New review, alcohol increases risk of 7 cancers

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A new analysis of the evidence that uses AICR research concludes that alcohol links to increased risk of seven types of cancers, causing almost half a million deaths from cancer in 2012. The review, published today in the journal Addiction, supports AICR’s findings.

The new review concluded that alcohol consumption linked to cancers of the: breast; pharynx; larynx; esophagus; liver; colon; and rectum. (AICR evidence also shows a link with alcohol and stomach cancer.)

AICR’s Recommendations for Cancer Prevention say that if you do drink alcohol, drink moderate amounts. (1 glass for women daily; 2 for men).

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Read more… “New review, alcohol increases risk of 7 cancers”

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    Behind The Headlines: Questions about AICR’s Stomach Cancer Report

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    We’ve just released our latest systematic review of the global literature linking diet, weight and physical activity to an individual cancer; this time, it’s stomach cancer in the spotlight, and there’s some striking news.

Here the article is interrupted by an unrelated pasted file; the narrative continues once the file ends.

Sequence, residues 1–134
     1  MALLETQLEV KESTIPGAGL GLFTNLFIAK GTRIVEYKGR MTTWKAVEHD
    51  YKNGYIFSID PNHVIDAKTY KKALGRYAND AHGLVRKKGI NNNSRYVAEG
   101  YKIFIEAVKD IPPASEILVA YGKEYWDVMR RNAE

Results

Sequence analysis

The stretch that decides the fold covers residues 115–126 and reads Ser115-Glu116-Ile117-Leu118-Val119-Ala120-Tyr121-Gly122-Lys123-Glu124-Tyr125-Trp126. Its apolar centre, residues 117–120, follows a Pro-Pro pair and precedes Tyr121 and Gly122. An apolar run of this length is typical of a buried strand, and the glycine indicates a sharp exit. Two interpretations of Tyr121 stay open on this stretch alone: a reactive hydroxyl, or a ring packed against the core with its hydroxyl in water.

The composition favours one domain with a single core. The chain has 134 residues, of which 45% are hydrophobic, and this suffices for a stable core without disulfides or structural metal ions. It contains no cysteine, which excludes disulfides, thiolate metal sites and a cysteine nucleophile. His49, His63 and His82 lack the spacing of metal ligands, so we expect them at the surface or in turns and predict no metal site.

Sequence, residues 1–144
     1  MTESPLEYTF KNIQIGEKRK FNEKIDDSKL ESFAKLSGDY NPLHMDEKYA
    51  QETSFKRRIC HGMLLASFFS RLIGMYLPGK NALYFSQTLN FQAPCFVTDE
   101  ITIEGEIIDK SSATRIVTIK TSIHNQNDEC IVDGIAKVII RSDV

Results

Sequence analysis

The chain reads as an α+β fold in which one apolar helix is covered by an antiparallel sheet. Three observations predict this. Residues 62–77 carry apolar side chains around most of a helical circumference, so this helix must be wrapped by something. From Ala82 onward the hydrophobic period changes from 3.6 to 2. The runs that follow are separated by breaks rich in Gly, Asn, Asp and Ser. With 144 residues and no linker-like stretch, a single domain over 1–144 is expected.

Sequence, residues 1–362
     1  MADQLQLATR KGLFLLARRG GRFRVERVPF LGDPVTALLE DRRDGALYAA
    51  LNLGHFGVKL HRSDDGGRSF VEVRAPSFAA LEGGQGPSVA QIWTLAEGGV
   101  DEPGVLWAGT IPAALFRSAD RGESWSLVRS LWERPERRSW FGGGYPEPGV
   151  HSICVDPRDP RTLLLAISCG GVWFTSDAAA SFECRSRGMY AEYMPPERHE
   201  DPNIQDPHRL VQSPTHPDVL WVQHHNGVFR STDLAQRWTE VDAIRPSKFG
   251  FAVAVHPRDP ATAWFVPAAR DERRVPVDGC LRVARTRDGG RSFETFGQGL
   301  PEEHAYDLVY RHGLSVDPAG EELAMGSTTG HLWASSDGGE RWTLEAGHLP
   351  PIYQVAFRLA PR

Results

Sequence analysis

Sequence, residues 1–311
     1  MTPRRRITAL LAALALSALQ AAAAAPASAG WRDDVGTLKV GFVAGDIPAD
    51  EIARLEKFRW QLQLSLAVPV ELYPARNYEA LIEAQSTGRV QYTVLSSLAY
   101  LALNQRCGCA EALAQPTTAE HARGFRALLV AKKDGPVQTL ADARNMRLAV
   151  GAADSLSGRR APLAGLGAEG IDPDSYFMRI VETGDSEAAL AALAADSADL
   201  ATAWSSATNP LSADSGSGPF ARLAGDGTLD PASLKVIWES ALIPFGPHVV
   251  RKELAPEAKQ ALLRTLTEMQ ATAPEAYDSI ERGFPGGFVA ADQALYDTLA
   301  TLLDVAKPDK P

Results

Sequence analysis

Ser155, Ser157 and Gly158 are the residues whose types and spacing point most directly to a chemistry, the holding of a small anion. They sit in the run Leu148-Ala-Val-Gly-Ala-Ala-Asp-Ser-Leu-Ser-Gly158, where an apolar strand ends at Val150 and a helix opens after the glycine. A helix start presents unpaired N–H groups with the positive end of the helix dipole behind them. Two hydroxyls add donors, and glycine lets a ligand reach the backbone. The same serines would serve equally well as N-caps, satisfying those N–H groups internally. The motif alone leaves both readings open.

The report’s three major findings – that alcohol, processed meat and obesity increase the risk for stomach cancers – are entirely new. Much of the research makes important distinctions that previous research didn’t, and there’s more to know about stomach cancer risk than easily fits into a headline. Here, we answer questions about some of the nuances that have emerged.

    Two of these three new risk factors apply to distinct types of stomach cancer, cardia and non-cardia. What’s the difference? Read more… “Behind The Headlines: Questions about AICR’s Stomach Cancer Report”

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      Alcohol and Cancer Link Highlighted at Alcohol Policy Conference

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      AICR’s evidence clearly and consistently shows that alcohol is linked to increased risk for several different cancers, which is why I was eager to attend the 17th Annual Alcohol Policy Conference near Washington DC.

      In a session focusing on the alcohol-cancer link, Robert Pezzolesi, of the New York Alcohol Policy Alliance, led off by citing an AICR survey on the relatively low level of US awareness (43%) of the link between alcohol and cancer risk (below).

      Screen Shot 2016-04-15 at 11.50.24 AMLinda Bauld of Cancer Research UK spotlighted the problems facing the UK, which is experiencing historically high levels of alcohol consumption. She cited a very low level of awareness of the alcohol-cancer link (13%) in the UK. This was the unprompted figure, when respondents were asked to volunteer various cancer risks. But when respondents were specifically asked if alcohol was related to cancer – a methodology similar to AICR’s US survey – 53% were able to identify alcohol as a risk. Read more… “Alcohol and Cancer Link Highlighted at Alcohol Policy Conference”

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